Purple pumpkins fill this CT town, here’s why.

WEST HARTFORD – If there’s one thing six-year-old Landon Heilbrunn wants to see in October, it’s purple pumpkins.

Landon, a first grader at Norfeldt Elementary, suffers from epilepsy and participates in the Epilepsy Foundation’s Purple Pumpkin Project, which encourages people to paint their pumpkins purple to support the foundation, while also donating to the foundation. to continue his research.

His mother, Alexandra Heilbrunn, said Landon is like any other young boy his age and wants to erase any stigma that might be attached to children with epilepsy.

Landon enjoys soccer, tennis and skiing, enjoys playing outdoors with his brother and sister, is fascinated by airplanes and is curious about how things work.

But he has also been dealing with epilepsy most of his life, with his first seizure at 10 months old. He has yet to go a full year without seizure, his mother said, which is a goal for children with epilepsy.

“It’s more than seizures,” Heilbrunn explains. “There can be learning delays, anxiety, social emotional issues. It can be conversations about hospitalizations and tests. It is more than how people perceive a crisis.

Landon said he was already thrilled to see purple pumpkins popping up in his neighborhood, showing a sign of support for his fundraiser. And he’s likely to see more than that, with Moscarillo’s Garden Shoppe in West Hartford pledging to donate pumpkins to his entire freshman class at Norfeldt. He has already raised over $ 1,000 before the calendar officially moves to October.

“It’s really inspiring to see how generous people have been,” said Heilbrunn. “We have neighbors who donate. I receive daily pictures of people having their children paint pumpkins. Just painting a pumpkin purple helps the conversation. We want to make sure everyone knows how important this is to us. “

Every time Landon sees a purple pumpkin he feels happy, and on Halloween night, when he’s posing as a spooky skeleton, he’s ready to give whoever has a purple pumpkin a big high five.

Heilbrunn explains that Landon is finally reaching an age where he is beginning to understand epilepsy better. To help him further, they call his medicine “superhero medicine”.

“We have never been silent about Landon’s diagnosis,” Heilbrunn said. “It was a trip for sure. We are also not leading with this, as it is standardized. He’s a normal child. But people don’t know everything that’s going on with him either. “

As parents, Heilbrunn said she and her husband got scared when their son had his first seizure before he was even a year old.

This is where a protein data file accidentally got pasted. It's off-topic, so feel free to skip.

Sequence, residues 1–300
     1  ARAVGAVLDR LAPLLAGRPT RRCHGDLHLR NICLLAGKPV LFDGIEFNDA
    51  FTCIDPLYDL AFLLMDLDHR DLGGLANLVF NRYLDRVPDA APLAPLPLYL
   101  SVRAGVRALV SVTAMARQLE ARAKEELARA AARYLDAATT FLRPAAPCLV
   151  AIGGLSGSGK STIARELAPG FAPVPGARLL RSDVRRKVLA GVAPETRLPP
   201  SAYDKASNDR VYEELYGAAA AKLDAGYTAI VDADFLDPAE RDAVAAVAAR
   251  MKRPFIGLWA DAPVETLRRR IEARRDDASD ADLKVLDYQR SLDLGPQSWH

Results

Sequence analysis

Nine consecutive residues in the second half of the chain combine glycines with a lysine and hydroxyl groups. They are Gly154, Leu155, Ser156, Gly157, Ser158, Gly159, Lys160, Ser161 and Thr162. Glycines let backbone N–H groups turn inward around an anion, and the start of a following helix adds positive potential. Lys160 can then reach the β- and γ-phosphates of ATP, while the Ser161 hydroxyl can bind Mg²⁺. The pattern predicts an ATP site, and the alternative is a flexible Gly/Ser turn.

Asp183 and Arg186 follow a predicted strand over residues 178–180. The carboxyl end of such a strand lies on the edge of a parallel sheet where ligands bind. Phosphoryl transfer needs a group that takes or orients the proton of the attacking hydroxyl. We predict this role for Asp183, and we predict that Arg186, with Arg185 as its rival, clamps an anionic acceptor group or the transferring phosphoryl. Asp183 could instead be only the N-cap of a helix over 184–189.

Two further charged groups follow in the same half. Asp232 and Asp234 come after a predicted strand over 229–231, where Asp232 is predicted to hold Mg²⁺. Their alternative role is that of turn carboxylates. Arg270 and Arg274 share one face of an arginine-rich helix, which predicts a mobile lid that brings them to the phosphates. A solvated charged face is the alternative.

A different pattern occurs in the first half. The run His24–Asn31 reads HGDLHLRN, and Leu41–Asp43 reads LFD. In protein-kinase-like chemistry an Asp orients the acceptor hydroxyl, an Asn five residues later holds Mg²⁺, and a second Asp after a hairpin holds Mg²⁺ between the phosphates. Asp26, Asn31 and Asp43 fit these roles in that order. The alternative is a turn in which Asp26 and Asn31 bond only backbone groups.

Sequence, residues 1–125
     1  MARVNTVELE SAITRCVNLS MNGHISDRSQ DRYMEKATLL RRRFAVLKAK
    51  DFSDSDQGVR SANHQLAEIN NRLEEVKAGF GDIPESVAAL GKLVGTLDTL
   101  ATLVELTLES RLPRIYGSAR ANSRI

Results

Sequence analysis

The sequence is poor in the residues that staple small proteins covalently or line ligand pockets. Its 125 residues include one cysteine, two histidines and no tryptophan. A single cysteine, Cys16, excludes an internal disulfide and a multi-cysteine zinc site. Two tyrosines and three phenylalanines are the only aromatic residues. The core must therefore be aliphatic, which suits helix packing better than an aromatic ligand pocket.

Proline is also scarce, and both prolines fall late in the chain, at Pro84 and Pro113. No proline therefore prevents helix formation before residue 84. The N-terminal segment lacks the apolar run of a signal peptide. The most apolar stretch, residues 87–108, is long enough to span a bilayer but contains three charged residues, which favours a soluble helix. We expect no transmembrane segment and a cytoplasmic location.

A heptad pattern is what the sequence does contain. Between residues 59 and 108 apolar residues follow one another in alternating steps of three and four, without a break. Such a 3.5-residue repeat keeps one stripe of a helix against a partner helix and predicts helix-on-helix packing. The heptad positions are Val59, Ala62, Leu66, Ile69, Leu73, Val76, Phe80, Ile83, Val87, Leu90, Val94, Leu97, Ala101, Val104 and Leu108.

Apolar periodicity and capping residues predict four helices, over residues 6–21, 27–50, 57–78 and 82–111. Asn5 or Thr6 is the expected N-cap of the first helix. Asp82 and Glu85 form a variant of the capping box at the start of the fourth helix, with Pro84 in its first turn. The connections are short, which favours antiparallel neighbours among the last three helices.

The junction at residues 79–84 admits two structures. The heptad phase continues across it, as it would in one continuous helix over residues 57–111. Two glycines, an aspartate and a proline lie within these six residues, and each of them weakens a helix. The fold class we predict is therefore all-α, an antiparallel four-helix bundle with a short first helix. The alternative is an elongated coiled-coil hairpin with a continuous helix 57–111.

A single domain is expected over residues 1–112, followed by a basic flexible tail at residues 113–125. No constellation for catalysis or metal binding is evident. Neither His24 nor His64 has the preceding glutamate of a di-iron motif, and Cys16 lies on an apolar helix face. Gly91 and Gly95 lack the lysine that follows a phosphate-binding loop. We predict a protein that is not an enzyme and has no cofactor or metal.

“The first time he had a seizure it was obviously terrifying for his dad and me,” Heilbrunn said. “He was hospitalized… and they were trying to figure out what was going on. A child can have one and never have another. But for Landon, his journey has been that we are in our late twenties in the number of seizures he has had in his life.

Heilbrunn said the Epilepsy Foundation also does a lot for seizure education, which is a conversation Landon’s parents must have with his teachers and school officials every year, in case he does. would have one during his studies.

“It’s just as important for people to know what to do when people have a seizure because people can have many types of seizures,” Heilbrunn said. “We have to have phone calls before school starts with his teacher every year. He has a school seizure plan and takes medication twice a day. We have to stay on top of it. We want him to have as standardized a school day as possible. “

Through it all, however, Landon is able to live a normal life. He is a member of the Red Ninjas Municipal League football team and even scored a goal in a recent game.

“Because we’ve told his story, people have a better understanding of him and his journey,” Heilbrunn said.

Ideally, Landon would see a purple pumpkin on the steps of every house where he collects candy on Halloween.

“We can do it,” Heilbrunn said. “We can get purple pumpkins over there. We just need to tell more people about it.

“I want to see pumpkins all around,” Landon said.

To donate, visit Landon’s fundraising page directly or visit donate.epilepsy.com/participant/47067.

Source link

About Michael Bill

Check Also

“Mother of all cannabinoids”: anti-epileptic compounds in cannabis

epilepsy. ” class=”b-image__image”/> Cannabigerolic acid (CBGA), cannadivarinic acid (CBDVA), cannabidivarin (CBDV), and cannabigerovarinic acid (CBGVA) …

Leave a Reply

Your email address will not be published. Required fields are marked *